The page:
Published: Mon Jun 27, 2011
Some of NASA’s vast educational resources are now available at Tennessee Tech University to help teachers in the region show their students how to shoot for the stars.
TTU’s Millard Oakley STEM Center has been named a field NASA Educational Resource Center.
At the centers, teachers get demonstrations of educational technologies as well as in-service and pre-service training using NASA instructional products. The tools are divided by grade level and, using them, teachers can learn about NASA’s classroom activities, lesson plans and videos and access webcasts and contest information. Teachers can also learn about workshops and conferences related to their subject matter.
“I am ecstatic about announcing the new NASA Educator Resource Center now at home in the Millard Oakley STEM Center,” said Sally Pardue, director of TTU’s Oakley STEM Center. “We will provide access to a library of resources, support materials and lending opportunities to teachers throughout Tennessee via the NASA ERC and professional development workshops.”
Earlier NASA grants helped populate the lending library with resources. In Tennessee, Vanderbilt University acts as the fiscal agent for NASA’s education programs providing grant opportunities for programs and projects.
“Using the new NASA Educator Resource Center at the STEM Center has given me access to such wonderful ideas, projects and activities,” said Brenda Robinson, fifth grade teacher at Avery Trace Middle School. “The resources available through the center help support what I’m doing in the classroom.”
NASA’s three major education goals are strengthening NASA and the nation's future workforce, attracting and retaining students in STEM disciplines and engaging Americans in NASA's mission. Those goals, particularly as they relate to STEM education and workforce development, align with the mission of TTU’s Oakley STEM Center.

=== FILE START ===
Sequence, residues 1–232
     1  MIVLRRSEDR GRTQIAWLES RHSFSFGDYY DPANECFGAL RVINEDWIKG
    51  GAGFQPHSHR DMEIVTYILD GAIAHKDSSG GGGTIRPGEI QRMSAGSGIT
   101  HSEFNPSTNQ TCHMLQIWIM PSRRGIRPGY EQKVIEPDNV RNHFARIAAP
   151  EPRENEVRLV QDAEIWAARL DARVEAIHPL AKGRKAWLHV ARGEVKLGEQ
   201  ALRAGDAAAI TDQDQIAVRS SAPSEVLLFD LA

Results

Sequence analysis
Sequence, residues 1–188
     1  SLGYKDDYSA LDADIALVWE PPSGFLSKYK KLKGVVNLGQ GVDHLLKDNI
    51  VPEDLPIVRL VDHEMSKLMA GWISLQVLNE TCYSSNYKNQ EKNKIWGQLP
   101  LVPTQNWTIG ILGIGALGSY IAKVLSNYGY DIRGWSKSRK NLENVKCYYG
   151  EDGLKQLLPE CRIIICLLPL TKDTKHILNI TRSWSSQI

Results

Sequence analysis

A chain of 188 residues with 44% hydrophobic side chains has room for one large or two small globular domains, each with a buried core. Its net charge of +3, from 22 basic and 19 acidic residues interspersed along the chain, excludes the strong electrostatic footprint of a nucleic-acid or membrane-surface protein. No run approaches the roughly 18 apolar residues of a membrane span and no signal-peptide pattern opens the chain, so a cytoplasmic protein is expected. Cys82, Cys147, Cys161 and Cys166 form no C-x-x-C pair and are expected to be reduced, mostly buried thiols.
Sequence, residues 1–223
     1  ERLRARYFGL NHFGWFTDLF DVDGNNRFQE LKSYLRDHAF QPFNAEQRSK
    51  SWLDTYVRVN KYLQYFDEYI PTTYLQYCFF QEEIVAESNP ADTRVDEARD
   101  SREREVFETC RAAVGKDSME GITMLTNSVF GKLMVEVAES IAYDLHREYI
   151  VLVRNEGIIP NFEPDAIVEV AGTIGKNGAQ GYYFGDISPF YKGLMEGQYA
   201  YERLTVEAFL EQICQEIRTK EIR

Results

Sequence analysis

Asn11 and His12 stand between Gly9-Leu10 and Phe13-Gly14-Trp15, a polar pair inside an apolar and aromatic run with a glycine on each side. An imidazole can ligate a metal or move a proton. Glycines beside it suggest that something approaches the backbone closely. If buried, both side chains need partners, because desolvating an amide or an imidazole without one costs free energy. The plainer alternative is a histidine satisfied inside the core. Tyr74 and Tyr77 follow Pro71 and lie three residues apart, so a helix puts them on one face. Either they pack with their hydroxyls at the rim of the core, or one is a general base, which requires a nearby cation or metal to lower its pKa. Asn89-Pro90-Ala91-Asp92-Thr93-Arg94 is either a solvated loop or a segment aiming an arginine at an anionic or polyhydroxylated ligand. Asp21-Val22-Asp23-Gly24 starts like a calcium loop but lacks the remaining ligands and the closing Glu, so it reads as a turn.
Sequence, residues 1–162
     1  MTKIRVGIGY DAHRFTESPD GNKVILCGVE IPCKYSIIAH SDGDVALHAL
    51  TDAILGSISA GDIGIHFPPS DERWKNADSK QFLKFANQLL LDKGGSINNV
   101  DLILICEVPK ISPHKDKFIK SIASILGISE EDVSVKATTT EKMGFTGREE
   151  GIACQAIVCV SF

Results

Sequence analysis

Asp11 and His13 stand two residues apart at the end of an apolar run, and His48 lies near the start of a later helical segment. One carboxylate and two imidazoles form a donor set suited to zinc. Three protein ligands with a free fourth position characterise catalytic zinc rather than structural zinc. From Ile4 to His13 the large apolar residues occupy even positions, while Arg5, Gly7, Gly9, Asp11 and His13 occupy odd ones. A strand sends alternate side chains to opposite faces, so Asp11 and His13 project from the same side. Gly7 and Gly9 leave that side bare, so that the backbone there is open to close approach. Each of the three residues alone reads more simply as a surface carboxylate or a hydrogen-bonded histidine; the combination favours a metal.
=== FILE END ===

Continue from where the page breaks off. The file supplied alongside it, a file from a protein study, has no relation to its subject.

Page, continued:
“We are responsible for educating our children for the future, giving them opportunities and preparing them to lead,” Pardue said. “By providing our teachers and students access to cutting-edge educational resources, activities and programs we will have a very positive impact on STEM education in the Upper Cumberland and the career options available to our children and grandchildren.”
Field centers are often located on university campuses and have partnerships with their state’s education department or regional educational organizations. A variety of TTU departments have already begun to form partnerships with regional P-12 programs for professional development and enrichment activities, including the Upper Cumberland Teachers Councils in Science and Math, College of Engineering Math Science Partnership, President’s School on Emerging Technologies and the Upper Cumberland Middle Grades Math Partnership.
Teachers will use the center when they participate in STEM Center User Group Training Workshops led by regional teacher liaisons of the Tennessee Space Grant Consortium and facilitated by Pardue. These workshops, offered July 9 and Oct. 8, will introduce teachers to available resources and prepare them to lead a hands-on field trip to the STEM Center.
For more information about the Oakley STEM Center and its programs visit the website, www.tntech.edu/stem or call 931-372-6573.